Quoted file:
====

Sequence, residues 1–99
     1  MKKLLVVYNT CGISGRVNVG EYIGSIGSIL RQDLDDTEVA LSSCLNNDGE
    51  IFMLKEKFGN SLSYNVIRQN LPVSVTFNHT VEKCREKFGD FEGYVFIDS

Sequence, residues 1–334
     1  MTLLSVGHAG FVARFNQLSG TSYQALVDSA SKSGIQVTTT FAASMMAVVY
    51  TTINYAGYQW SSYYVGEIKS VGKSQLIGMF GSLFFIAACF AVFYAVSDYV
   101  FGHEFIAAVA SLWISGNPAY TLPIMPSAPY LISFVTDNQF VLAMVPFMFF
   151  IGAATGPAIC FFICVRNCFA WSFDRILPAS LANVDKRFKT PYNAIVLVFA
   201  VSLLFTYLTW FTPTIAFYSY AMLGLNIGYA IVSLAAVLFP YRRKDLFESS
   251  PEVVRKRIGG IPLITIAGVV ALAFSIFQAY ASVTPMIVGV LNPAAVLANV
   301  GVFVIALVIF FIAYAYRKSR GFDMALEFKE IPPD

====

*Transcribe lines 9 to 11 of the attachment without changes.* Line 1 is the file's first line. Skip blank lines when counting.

   201  VSLLFTYLTW FTPTIAFYSY AMLGLNIGYA IVSLAAVLFP YRRKDLFESS
   251  PEVVRKRIGG IPLITIAGVV ALAFSIFQAY ASVTPMIVGV LNPAAVLANV
   301  GVFVIALVIF FIAYAYRKSR GFDMALEFKE IPPD